1. Estate Planning: A common example of an inter-vivos trust in business is through estate planning. Many individuals establish an inter-vivos (living) trust to manage and distribute their assets smoothly and privately. They transfer the title of their property into the trust during their lifetime and dictate how it should be distributed upon their death. For instance, a wealthy parent might set up an inter-vivos trust to pass on their assets to their children without going through a probate process.2. Business Succession Planning: An established business owner may use an inter-vivos trust as part of their succession planning strategy. The owner can place the business into the trust, allowing for a smoother transition of control upon the owner’s death. For instance, a family-owned business may be transferred to the next generation through a trust agreement, ensuring the business’s continuous operation even after the death of the original owner.3. Asset Protection: A business professional with high liability risks, such as a doctor or lawyer, may set up an inter-vivos trust to protect personal assets from potential lawsuit judgment. The person will transfer risky or significant assets into the trust where it would be out of reach from creditors. They might also use the trust to protect the assets from the possibility of a financial loss or bankruptcy.
Frequently Asked Questions(FAQ)
What is an Inter-Vivos Trust?
An Inter-Vivos Trust, also known as a living trust, is a legal arrangement created during the lifetime of a person to manage assets. It allows the transfer of assets without going through the probate process after death.
How does an Inter-Vivos Trust work?
The person creating the trust (grantor) transfers ownership of assets into the trust. The trustee then manages these assets for the benefits of the beneficiaries designated by the grantor.
What are the advantages of setting up an Inter-Vivos Trust?
An Inter-Vivos Trust can avoid/provide estate tax benefits, control over assets after disability or death of the grantor, maintain privacy and avoid probate.
What is the difference between an Inter-Vivos Trust and a testamentary trust?
While an Inter-Vivos Trust is established during the lifetime of the grantor, a testamentary trust comes into effect only after the death of the person.
Can an Inter-Vivos Trust be altered or revoked?
Yes, unless specified as irrevocable, an Inter-Vivos Trust can be changed or revoked at the discretion of the grantor during their lifetime.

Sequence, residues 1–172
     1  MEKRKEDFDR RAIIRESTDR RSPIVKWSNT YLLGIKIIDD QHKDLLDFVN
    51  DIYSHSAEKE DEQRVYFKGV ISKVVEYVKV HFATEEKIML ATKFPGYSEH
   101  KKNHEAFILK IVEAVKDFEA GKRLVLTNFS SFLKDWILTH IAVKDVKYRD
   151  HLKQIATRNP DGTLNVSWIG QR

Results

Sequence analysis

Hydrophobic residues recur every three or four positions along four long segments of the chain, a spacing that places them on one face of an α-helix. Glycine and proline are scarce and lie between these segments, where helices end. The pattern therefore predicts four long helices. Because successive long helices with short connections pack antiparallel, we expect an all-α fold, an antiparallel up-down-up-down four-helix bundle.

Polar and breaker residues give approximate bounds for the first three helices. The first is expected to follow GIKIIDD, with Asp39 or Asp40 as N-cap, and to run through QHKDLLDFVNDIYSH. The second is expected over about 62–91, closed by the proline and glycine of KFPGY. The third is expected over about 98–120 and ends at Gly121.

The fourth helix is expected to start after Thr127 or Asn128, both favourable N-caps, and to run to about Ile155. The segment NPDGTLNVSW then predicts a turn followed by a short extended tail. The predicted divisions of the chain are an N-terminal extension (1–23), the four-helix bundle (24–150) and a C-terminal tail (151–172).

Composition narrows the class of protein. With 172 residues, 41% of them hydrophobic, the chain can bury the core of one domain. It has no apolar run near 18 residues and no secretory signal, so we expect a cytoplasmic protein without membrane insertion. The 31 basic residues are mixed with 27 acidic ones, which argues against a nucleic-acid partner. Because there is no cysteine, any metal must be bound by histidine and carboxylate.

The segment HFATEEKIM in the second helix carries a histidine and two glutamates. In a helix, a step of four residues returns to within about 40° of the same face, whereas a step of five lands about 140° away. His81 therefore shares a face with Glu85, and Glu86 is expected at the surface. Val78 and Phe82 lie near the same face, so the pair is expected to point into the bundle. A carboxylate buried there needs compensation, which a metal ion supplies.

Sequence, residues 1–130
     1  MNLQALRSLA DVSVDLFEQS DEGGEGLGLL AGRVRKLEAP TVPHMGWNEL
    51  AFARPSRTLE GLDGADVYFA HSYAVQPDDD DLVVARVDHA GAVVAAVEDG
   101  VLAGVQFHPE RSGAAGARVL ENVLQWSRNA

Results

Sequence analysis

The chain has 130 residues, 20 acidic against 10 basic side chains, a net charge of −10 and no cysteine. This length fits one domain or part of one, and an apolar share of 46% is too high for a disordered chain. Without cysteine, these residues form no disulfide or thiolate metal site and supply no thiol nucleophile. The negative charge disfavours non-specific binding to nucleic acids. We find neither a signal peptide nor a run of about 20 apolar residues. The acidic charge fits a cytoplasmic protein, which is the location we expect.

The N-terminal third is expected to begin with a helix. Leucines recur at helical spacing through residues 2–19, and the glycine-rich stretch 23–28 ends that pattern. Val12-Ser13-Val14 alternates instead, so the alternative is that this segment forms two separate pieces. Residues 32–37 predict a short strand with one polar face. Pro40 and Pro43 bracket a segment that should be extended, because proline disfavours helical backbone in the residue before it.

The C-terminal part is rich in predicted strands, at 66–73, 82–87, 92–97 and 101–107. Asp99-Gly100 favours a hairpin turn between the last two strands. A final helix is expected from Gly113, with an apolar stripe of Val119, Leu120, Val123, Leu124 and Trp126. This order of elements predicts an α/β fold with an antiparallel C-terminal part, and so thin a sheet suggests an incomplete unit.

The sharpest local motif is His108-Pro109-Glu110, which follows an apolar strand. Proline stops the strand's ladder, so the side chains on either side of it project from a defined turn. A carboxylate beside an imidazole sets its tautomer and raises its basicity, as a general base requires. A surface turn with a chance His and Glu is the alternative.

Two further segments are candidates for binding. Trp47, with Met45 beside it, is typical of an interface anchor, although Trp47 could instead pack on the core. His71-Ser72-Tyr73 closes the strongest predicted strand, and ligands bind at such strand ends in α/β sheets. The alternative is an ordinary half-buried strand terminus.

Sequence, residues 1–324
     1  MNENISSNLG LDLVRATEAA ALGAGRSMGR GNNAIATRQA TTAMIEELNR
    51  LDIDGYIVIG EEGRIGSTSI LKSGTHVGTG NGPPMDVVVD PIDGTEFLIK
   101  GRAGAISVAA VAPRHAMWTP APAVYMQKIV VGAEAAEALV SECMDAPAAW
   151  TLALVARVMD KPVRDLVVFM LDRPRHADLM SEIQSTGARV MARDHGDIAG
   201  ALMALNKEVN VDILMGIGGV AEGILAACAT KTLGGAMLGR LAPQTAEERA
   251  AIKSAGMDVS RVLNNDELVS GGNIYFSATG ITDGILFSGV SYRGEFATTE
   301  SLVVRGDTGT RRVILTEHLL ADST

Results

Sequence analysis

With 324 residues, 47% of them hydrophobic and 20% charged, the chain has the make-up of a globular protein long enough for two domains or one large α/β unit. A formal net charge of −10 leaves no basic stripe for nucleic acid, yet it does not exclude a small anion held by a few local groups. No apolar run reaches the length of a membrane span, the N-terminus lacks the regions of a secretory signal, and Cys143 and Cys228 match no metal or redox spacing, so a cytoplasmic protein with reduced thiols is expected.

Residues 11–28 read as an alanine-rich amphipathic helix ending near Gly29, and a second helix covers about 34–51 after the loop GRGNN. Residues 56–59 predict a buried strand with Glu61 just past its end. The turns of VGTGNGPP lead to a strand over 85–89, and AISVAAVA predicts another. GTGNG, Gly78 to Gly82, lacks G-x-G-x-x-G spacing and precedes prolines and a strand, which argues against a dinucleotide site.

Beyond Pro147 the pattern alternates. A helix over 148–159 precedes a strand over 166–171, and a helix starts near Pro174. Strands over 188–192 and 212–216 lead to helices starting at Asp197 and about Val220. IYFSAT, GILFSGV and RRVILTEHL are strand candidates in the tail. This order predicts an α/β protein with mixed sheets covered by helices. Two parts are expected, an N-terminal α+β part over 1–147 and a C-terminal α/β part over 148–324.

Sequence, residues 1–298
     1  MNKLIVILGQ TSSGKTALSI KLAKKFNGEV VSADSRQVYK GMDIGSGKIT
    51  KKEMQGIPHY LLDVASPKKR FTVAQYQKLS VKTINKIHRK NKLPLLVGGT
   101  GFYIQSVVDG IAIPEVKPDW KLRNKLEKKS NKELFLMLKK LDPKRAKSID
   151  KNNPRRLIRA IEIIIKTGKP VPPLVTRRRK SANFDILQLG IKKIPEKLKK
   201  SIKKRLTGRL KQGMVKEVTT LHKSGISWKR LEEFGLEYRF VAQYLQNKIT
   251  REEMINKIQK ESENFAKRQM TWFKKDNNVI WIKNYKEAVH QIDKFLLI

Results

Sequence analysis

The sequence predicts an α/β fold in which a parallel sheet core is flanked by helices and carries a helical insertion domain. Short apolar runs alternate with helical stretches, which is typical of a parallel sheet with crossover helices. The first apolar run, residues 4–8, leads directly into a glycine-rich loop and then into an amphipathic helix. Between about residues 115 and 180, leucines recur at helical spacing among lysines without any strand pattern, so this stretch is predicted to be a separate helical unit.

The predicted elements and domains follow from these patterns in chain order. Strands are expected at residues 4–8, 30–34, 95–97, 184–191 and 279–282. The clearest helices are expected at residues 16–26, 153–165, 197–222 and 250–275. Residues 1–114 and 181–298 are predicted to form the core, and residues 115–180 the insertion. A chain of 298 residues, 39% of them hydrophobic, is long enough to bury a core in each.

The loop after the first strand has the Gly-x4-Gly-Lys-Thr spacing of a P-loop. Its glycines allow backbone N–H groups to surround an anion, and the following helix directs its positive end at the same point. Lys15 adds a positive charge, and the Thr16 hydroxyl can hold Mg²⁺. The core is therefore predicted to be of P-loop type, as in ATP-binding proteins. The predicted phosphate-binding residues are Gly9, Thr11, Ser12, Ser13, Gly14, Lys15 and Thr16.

What types of assets can be held in an Inter-Vivos Trust?
An Inter-Vivos Trust can hold a variety of assets such as real estate, bank accounts, stocks, bonds, personal property, and business interests.
Does an Inter-Vivos Trust protect my assets from creditors?
Generally, assets in a revocable living trust, a type of Inter-Vivos Trust, are not protected from creditors. However, some specific types of irrevocable Inter-Vivos Trusts can offer protection against creditors.
Do I lose control over assets I place in an Inter-Vivos Trust?
Not necessarily. If you establish it as a revocable trust, you can retain control over assets and have the authority to modify or terminate the trust.
Who can be a trustee for an Inter-Vivos Trust?
A trustee can be individuals, like a trusted friend or family member, or a corporate entity such as a bank or a trust company. The grantor can also act as a trustee in some cases.
: Is setting up an Inter-Vivos Trust complicated?
The process can be complex as it involves legal decisions like appointing a trustee, naming beneficiaries, transferring assets, etc. It is recommended to work with a legal or financial advisor while setting up an Inter-Vivos Trust.
Related Finance Terms
- Trustee: An individual or organization who manages the assets placed into the trust on behalf of the beneficiaries.
- Beneficiary: A person who benefits from the assets held in the trust. This can be a family member, friend, charity, etc.
- Revocable Trust: A type of Inter-Vivos Trust that can be altered, changed, or terminated by the trustmaker at any time.
- Irrevocable Trust: A type of Inter-Vivos Trust that cannot be altered, changed, or terminated without the permission of the beneficiary. Once assets are placed into an irrevocable trust, they cannot be taken out again.
- Asset Protection: The concept of and strategies for guarding one’s wealth, which is a primary advantage of establishing an Inter-Vivos Trust.